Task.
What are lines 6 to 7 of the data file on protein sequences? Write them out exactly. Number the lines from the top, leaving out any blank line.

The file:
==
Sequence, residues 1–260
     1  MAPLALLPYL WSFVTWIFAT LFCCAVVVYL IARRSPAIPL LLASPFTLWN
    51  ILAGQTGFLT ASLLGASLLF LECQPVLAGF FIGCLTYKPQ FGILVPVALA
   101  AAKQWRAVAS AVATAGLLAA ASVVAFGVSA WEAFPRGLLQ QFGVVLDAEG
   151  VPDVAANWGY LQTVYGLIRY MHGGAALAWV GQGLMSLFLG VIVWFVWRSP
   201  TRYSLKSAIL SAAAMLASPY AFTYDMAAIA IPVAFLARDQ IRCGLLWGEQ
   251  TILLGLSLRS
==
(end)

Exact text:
   201  TRYSLKSAIL SAAAMLASPY AFTYDMAAIA IPVAFLARDQ IRCGLLWGEQ
   251  TILLGLSLRS